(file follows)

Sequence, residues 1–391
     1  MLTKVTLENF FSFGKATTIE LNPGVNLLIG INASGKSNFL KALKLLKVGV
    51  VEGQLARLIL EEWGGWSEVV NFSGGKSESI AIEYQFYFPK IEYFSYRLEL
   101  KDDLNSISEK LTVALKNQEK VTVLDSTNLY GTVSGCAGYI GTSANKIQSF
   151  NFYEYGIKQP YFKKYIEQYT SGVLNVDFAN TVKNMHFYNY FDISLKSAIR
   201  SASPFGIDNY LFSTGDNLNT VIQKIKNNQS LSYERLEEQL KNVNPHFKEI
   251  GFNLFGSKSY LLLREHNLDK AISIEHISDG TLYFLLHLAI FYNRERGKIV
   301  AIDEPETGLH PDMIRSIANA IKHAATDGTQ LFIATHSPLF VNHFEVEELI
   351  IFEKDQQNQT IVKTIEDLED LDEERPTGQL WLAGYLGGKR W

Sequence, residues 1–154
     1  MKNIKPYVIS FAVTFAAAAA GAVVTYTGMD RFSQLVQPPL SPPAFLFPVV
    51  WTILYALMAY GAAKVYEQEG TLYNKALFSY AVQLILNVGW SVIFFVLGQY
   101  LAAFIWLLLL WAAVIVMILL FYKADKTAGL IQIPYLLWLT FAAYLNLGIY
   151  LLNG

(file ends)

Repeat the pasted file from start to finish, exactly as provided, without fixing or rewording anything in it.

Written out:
Sequence, residues 1–391
     1  MLTKVTLENF FSFGKATTIE LNPGVNLLIG INASGKSNFL KALKLLKVGV
    51  VEGQLARLIL EEWGGWSEVV NFSGGKSESI AIEYQFYFPK IEYFSYRLEL
   101  KDDLNSISEK LTVALKNQEK VTVLDSTNLY GTVSGCAGYI GTSANKIQSF
   151  NFYEYGIKQP YFKKYIEQYT SGVLNVDFAN TVKNMHFYNY FDISLKSAIR
   201  SASPFGIDNY LFSTGDNLNT VIQKIKNNQS LSYERLEEQL KNVNPHFKEI
   251  GFNLFGSKSY LLLREHNLDK AISIEHISDG TLYFLLHLAI FYNRERGKIV
   301  AIDEPETGLH PDMIRSIANA IKHAATDGTQ LFIATHSPLF VNHFEVEELI
   351  IFEKDQQNQT IVKTIEDLED LDEERPTGQL WLAGYLGGKR W

Sequence, residues 1–154
     1  MKNIKPYVIS FAVTFAAAAA GAVVTYTGMD RFSQLVQPPL SPPAFLFPVV
    51  WTILYALMAY GAAKVYEQEG TLYNKALFSY AVQLILNVGW SVIFFVLGQY
   101  LAAFIWLLLL WAAVIVMILL FYKADKTAGL IQIPYLLWLT FAAYLNLGIY
   151  LLNG